According to the Panorama Consulting survey, 57% of organisations that responded took a “big bang” approach across the whole company, or phased total process scope by geography or business unit. On the flip-side, the larger the scope, the more resource is required from the organization to support the implementation; the more business change needs to be absorbed by the business and the more integration and coordination is required within the project to keep everything joined up and inter-dependencies under control.
Review the proposals from the vendors and their consulting/SI partners and you could be led to thinking that the bigger the scope the better from an integration and implementation perspective; that the risks are entirely manageable, and you can still get everything you want Mr/Ms Client within your budget (aka “the selling price”).
As Dave Heafield, a seasoned SAP HR and Payroll Programme Manager commented in response to our poll – “my experience has shown that if clients take [the vendor’s] sales pitch with a huge pinch of salt and as a balance take advice from experienced PMs, then they’d allow longer for the transformation and agree up front it’s going to cost them more than [the vendor or SI] told them. They can still justify it with a sound business case but they go in with eyes wide open and avoid the “it’s late and costing more than planned” discussions later when they’ve already spent too much to stop.”
So, to conclude, after 15-20 years of ERP implementations, the rate at which projects fail, judged in terms of time, cost and benefits realisation, is still too high. Any list of CSFs is probably right. All those areas need to be addressed and factored into any project from the outset, but the top three things that will make or break a project are:
Experienced Project Leadership
Experienced leadership will obviously help. Make sure your programme and project management has proven experience from a business and project delivery perspective. They need to be able to implement a formal and disciplined project methodology; know about and be able to access current, best practice tools and accelerators. Above all they need to convey the method, expected standards and the use of tools to the team, then stick to the disciplines.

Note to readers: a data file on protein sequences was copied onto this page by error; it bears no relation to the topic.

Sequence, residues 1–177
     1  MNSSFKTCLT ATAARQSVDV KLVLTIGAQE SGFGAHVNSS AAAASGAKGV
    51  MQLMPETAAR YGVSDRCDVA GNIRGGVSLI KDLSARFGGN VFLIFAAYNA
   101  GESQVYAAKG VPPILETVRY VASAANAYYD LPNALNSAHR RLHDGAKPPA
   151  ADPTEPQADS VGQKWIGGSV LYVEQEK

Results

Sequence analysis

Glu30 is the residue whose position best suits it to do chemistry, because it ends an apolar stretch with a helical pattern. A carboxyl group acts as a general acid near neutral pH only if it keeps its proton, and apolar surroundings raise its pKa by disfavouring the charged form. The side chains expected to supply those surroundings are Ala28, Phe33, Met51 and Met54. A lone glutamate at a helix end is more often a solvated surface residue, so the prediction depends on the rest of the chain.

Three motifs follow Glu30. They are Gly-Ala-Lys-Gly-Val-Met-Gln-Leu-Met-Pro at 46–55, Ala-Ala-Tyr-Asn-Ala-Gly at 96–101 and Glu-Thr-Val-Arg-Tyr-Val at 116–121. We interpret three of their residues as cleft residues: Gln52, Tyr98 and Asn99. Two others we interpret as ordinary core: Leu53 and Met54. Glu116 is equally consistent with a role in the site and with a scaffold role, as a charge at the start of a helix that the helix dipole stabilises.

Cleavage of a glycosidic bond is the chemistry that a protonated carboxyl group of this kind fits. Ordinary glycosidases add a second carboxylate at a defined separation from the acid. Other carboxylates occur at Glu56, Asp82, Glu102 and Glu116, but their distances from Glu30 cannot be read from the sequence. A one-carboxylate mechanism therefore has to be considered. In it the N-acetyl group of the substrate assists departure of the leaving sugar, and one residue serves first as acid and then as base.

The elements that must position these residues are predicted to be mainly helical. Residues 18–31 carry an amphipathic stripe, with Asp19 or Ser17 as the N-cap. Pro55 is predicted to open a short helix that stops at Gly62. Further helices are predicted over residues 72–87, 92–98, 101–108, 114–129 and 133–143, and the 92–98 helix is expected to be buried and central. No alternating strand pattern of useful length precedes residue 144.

C-level executives want results, the quicker the better. They will (usually) rationally expect a fair cost, proportional to the expect return, with minimised risk and disruption. Above all, they do not want surprises. Heed the advice and data points in the public domain. Challenge the basis for estimations; identify the areas of uncertainty and the gaps from today’s way of working or organisation. Assess risks and mitigations, and budget time and costs accordingly. Invest in the planning and preparation stage, but do not expect to plan the end-to-end programme in detail. Build in contingency, but work to an aggressively realistic schedule and manage expectations of those that “just want the thing to be implemented”.
Above all, any programme needs to address complexity upfront. The scope and implementation plan for your ERP project needs to be divided into manageable chunks – balancing scope, costs, time, risk and benefits, of both technical and business delivery. Fundamentally, smaller independent or loosely coupled projects will be easier to manage and have a better chance of success than large, complex and overblown, multi-multi-million dollar/pound programmes. Use Enterprise Architecture approaches to scope you projects and plan out your programme roadmap to deliver in releases and phases.
If it’s planned to take 18 months, two years or longer to deliver the project, whether your actually successful or not will be a moot point, the business will have moved on by the time that the shiny new ERP system hits the streets.
Delivering agreed capabilities, over a series of successful 6-9 or at a push 12 month projects, will be received far better than returning to the Steering Board to ask for a 6 month extension and an additional 30% to the budget, assuming that you still have a job in the first place!